From the ancient pyramids to modern buildings, various three-dimensional (3-D) structures have been formed by packing shaped objects together. At the macroscale, the shape of objects is fixed and thus dictates how they can be arranged. For example, bricks attached by mortar retain their elongated rectangular shape. But at the nanoscale, the shape of objects can be modified to some extent when they are coated with organic molecules, such as polymers, surfactants (surface-active agents), and DNA. These molecules essentially create a “soft” shell around otherwise “hard,” or rigid, nano-objects. When the nano-objects pack together, their original shape may not be entirely preserved because the shell is flexible—a kind of nanoscale sculpturing.
Now, a team of scientists from the U.S. Department of Energy’s (DOE) Brookhaven National Laboratory and Columbia Engineering has shown that cube-shaped nanoparticles, or nanocubes, coated with single-stranded DNA chains assemble into an unusual “zigzag” arrangement that has never been observed before at the nanoscale or macroscale. Their discovery is reported in the May 17 online issue of Science Advances.
“Nanoscale objects almost always have some kind of shellbecause we intentionally attach polymers to them during synthesis to prevent aggregation,” explained co-author Oleg Gang, leader of the Soft and Bio Nanomaterials Group at the Center for Functional Nanomaterials (CFN)—a DOE Office of Science User Facility at Brookhaven Lab—and professor of chemical engineering and applied physics and materials science at Columbia University. “In this study, we explored how changing the softness and thickness of DNA shells (i.e., the length of the DNA chains) affects the packing of gold nanocubes.”
Gang and the other team members—Fang Lu and Kevin Yager of CFN; Yugang Zhang of the National Synchrotron Light Source II (NSLS-II), another DOE Office of Science User Facility at Brookhaven; and Sanat Kumar, Thi Vo, and Alex Frenkel of Columbia’s Department of Chemical Engineering—discovered that nanocubes surrounded by thin DNA shells pack in a similar way to that expected on the macroscale, with the cubes arranged in neat layers oriented directly above one another. But this simple cubic arrangement gives way to a very unusual type of packing when the thickness of the shells is increased (i.e., when the shell becomes “softer”).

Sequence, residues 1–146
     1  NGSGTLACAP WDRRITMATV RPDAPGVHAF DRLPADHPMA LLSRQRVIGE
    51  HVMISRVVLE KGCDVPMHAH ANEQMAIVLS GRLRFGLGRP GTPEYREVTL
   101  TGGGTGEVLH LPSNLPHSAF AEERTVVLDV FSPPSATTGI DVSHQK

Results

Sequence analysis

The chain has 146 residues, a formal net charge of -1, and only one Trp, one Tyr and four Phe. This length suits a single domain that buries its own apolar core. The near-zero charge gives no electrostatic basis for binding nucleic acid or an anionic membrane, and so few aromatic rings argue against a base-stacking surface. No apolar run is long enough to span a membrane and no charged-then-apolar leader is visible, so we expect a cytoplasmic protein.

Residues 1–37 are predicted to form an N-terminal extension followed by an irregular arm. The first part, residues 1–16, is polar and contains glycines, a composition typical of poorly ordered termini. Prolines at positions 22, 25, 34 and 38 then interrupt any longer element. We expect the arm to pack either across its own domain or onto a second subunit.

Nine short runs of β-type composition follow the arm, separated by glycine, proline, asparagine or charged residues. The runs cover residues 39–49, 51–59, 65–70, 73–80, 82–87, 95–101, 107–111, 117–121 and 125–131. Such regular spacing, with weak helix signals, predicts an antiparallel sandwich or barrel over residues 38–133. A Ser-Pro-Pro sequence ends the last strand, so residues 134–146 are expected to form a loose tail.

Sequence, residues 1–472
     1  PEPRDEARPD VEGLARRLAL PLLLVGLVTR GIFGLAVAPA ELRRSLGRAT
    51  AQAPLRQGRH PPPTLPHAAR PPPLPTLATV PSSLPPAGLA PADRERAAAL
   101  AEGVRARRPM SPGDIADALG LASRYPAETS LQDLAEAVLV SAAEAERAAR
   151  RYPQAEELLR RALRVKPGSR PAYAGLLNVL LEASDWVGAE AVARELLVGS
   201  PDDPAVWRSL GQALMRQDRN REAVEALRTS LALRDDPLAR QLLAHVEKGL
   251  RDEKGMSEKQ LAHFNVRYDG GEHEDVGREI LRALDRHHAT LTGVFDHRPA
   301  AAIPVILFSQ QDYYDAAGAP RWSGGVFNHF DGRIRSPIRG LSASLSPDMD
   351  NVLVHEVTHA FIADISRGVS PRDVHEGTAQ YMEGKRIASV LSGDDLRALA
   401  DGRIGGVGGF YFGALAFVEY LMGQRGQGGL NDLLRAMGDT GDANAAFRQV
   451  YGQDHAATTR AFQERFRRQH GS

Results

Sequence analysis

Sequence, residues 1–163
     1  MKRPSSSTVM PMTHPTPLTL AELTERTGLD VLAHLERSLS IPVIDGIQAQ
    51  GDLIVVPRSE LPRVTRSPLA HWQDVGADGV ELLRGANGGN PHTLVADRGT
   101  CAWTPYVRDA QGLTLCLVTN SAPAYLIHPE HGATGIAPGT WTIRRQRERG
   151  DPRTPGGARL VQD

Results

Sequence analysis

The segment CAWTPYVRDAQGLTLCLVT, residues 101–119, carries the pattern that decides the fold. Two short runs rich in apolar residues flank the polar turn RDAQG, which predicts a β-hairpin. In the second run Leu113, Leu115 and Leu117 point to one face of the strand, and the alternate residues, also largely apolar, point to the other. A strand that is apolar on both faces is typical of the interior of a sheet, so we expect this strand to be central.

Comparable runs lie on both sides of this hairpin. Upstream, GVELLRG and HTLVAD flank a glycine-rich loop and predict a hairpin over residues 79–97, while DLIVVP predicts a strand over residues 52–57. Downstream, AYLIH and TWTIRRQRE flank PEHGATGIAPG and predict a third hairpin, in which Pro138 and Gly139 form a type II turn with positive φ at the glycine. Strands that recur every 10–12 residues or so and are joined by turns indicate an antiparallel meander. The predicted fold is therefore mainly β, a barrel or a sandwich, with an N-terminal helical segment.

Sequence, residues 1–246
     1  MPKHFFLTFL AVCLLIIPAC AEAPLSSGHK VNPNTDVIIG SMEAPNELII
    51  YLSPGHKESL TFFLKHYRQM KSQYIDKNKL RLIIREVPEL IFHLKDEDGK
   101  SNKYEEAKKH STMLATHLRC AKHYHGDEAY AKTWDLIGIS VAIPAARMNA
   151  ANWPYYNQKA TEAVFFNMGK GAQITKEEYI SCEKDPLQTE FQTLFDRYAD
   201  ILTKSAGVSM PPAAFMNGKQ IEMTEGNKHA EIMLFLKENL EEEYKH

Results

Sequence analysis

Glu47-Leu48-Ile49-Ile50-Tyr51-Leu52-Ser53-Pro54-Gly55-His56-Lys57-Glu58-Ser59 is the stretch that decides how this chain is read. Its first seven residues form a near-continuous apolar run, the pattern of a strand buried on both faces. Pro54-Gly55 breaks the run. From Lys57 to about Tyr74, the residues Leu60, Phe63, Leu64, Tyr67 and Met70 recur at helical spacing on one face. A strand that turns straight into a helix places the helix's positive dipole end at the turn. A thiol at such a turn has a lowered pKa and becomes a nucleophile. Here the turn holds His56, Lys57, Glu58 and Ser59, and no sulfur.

“Each nanocube has six faces where it can connect to other cubes,” explained Gang. “Cubes that have complementary DNA are attracted to one another, but cubes that have the same DNA repel each another. When the DNA shell becomes sufficiently soft (thick), the cubes arrange into what looks like a zigzag pattern, which maximizes attraction and minimizes repulsion while remaining packed as tightly as possible.
“This kind of packing has never been seen before, and it breaks the orientational symmetry of cubes relative to the vectors (directions of the x, y, and z axes in the crystal) of the unit cell,” said first author Fang Lu, a scientist in Gang’s group. “Unlike all previously observed packings of cubes, the angle between cubes and these three axes is not the same: two angles are different from the other one.”
A unit cell is the smallest repeating part of a crystal lattice, which is an array of points in 3-D space where the nanoparticles are positioned. Shaped nanoparticles can be oriented differently relative to each other within the unit cell, such as the by their faces, edges, or corners. The zigzag packing that the scientists observed in this study is a kind of nanoscale compromise in which neither relative orientation “wins.” Instead, the cubes find the best arrangement to co-exist in an ordered lattice based on whether they have the same or complementary DNA (i.e., repelling or attracting each other accordingly).
In this case, two different lattice types can occur: body-centered cubic (BCC) and body-centered tetragonal (BCT). Both BCC and BCT have similar placements of particles in the center and corners of the cubes, but BCC has unit cell sides of equal length while BCT does not.
To visualize the shape of the cubes and their packing behavior, the scientists used a combination of electron microscopy at the CFN and small-angle X-ray scattering (SAXS) at the former X9 beamline of NSLS and the Complex Materials Scattering beamline of NSLS-II. The electron microscopy studies require that the materials are taken out of solution, but SAXS can be conducted in situ to provide more detailed and precise structural information. In this study, the scattering data were helpful in revealing the symmetries, distances between particles, and orientations of particles in the 3-D nanocube structures. Theoretical calculations performed by the Kumar Group at Columbia confirmed that the zigzag arrangement is possible and rationalized why this kind of packing was happening based on the properties of the DNA shells.
The team is now eager to determine whether soft-shelled nano-objects that are not cubes or have more than one shape also pack together in unexpected ways.
“An understanding of the interplay between shaped nano-objects and soft shells will enable us to direct the organization of objects into particular structures with desired optical, mechanical, and other properties,” said Kumar.
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